11. Press Release, U.S. Dep’t of Justice, Assistant Attorney General Lanny A. Breuer Speaks at the 24th National Conference on the Foreign Corrupt Practices Act (Nov. 16, 2010),
  12. 15 U.S.C. § 78dd-2(h)(2)(A).
  13. See 15 U.S.C. § 78dd-2(h).
  14. See, e.g., Foreign Corrupt Practices Act Review, Opinion Procedure Release, No. 94-01 (May 13, 1994) (general director of a state-owned enterprise was a foreign official under the statute, whether or not he would be considered a government employee or public official under that nation’s law); Foreign Corrupt Practices Act Review, Opinion Procedure Release, No. 08-03 (July 11, 2008) (journalists of state-owned media company are foreign officials); Foreign Corrupt Practices Act Review, Opinion Procedure Release, No. 08-01 (Jan. 15, 2008) (general manager of a joint venture whose majority owner was a state-controlled company is a foreign official for the purposes of the FCPA).
  15. See United States v. Aguilar, No. 10-cr-01031-AHM (C.D. Cal. Apr. 20, 2011); United States v. O’Shea, No. 09-cr-00629 (S.D. Tex. Jan. 3, 2012); United States v. Esquenazi, No. 09-CR-21010-JEM, ECF No. 309 (S.D. Fla. Nov. 19, 2010). The Aguilar court accepted the government’s argument that the 1998 amendments to the FCPA were intended to bring the FCPA into conformity with treaty obligations under Economic Cooperation and Development Convention (OECD), which defines “foreign public official” to include functionaries of any “enterprise, regardless of its legal form, over which a government or governments may, directly or indirectly, exercise a dominant influence.”
  16. See, e.g., Press Release, U.S. Dept. of Justice, Two Telecommunications Executives Convicted by Miami Jury on All Counts for Their Involvement in Scheme to Bribe Officials at State-Owned Telecommunications Company in Haiti (Aug. 5, 2011),; Press Release, U.S. Dept. of Justice, Subsidiary of Tyco International Ltd. Pleads Guilty, Is Sentenced for Conspiracy to Violate Foreign Corrupt Practices Act (Sept. 24, 2012),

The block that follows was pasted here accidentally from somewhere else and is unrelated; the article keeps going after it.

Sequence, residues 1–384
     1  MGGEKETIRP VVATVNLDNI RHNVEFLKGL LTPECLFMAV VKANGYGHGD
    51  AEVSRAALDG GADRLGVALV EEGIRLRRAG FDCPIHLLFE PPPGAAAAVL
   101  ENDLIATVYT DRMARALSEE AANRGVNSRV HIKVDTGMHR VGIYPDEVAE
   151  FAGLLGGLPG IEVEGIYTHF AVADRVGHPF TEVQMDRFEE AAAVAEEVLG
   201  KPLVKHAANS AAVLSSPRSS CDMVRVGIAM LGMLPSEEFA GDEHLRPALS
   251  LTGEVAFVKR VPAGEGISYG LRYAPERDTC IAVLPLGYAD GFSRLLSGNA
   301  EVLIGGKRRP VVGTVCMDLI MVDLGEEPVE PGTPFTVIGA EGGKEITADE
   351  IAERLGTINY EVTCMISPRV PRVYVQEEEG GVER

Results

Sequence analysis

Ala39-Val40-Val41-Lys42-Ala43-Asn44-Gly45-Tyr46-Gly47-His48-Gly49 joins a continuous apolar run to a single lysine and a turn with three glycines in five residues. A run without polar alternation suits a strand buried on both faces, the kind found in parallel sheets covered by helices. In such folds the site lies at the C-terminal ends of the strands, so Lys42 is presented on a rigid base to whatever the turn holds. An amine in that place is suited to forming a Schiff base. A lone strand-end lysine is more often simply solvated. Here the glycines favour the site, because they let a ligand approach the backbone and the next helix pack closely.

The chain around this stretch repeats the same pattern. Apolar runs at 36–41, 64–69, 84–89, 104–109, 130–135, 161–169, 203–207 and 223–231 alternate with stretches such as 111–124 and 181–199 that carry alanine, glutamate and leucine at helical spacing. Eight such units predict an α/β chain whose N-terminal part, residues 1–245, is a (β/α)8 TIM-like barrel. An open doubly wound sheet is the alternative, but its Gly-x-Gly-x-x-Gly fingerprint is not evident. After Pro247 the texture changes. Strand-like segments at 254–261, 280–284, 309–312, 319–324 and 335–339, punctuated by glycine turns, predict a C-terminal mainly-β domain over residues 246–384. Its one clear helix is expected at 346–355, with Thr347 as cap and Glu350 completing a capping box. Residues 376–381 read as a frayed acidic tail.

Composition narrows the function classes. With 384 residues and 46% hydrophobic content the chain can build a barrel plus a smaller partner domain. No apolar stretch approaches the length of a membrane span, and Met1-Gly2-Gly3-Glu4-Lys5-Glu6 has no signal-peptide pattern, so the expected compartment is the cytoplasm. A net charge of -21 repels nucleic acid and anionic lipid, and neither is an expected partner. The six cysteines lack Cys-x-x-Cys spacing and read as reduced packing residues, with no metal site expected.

17. DOJ Opinion Procedure Release, No. 12-01 (Sept. 18, 2012),
  18. See, e.g., Peter J. Henning, Taking Aim at the Foreign Corrupt Practices Act, Dealbook, N.Y. Times, Apr. 30, 2012.
  19. See 15 U.S.C. § 78dd-1(b), 78dd-2(b), 78dd-3(b).
  20. United States v. Kay, 359 F.3d 738, 759-60 (5th Cir. 2004).
  21. See id. at 760.
  22. Voluntary Disclosures and the Role of FCPA Counsel (Dec. 1, 2009),
  23. Copland, supra note 6, at 1.
  24. See Order Granting Motion to Dismiss, United States v. Aguilar, et al., No. 2:10-cr-01031-AHM (Dec. 1, 2011).
  25. U.S. Attorneys’ Manual § 9-28.000 (Aug. 28, 2008), at 18.
  26. See, e.g., Andersen Died in Vain, Chi. Trib., Mar. 14, 2012,
  27. See James Lydon, Justice Department Defends the Role of Deferred-Prosecution Agreements in Corporate Crime Enforcement, White Collar Blog (Oct. 17, 2012),
  28. Candice Zierdt & Ellen S. Podgor, Corporate Deferred Prosecutions Through the Looking Glass of Contract Policing, 96 Ky. L.J. 1, 38–40 (2007).
  29. Koehler, supra note 4.
  30. For a fuller assessment of how DPAs and NPAs work in practice, see generally Copland, supra note 6.
  31. GAO Report 10-110, DOJ Has Taken Steps to Better Track Its Use of Deferred and Non-Prosecution Agreements, but Should Evaluate Effectiveness (Dec. 2008), at 25–27.
  32. In January 2010, in what it termed a “turning point” for FCPA enforcement, DOJ charged 22 defendants with FCPA violations. The charges arose from a sting operation that resulted in hundreds of audio and video recordings, but after three defendants pled guilty, two trials resulted in two acquittals and the dismissal of the indictments against the remaining defendants. See Del Quentin Wilber, Charges Dismissed Against 16 Accused of Bribing Foreign Official in Sting, Wash. Post, Feb. 21, 2012,
  33. See Richard L. Cassin, Feds Drop Lindsey Appeal, Case Closed, FCPA Blog (May 26, 2012),
  34. U.S. Dep’t of Justice & Enforcement Div. of the U.S. Securities & Exchange Comm’n, A Resource Guide to the U.S. Foreign Corrupt Practices Act (Nov. 14, 2012),